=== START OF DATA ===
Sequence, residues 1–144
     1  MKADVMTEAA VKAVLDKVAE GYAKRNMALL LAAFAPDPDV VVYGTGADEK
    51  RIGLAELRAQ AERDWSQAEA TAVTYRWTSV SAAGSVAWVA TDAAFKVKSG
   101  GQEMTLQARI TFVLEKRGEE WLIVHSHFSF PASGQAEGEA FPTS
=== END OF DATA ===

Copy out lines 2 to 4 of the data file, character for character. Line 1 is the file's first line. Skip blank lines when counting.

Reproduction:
     1  MKADVMTEAA VKAVLDKVAE GYAKRNMALL LAAFAPDPDV VVYGTGADEK
    51  RIGLAELRAQ AERDWSQAEA TAVTYRWTSV SAAGSVAWVA TDAAFKVKSG
   101  GQEMTLQARI TFVLEKRGEE WLIVHSHFSF PASGQAEGEA FPTS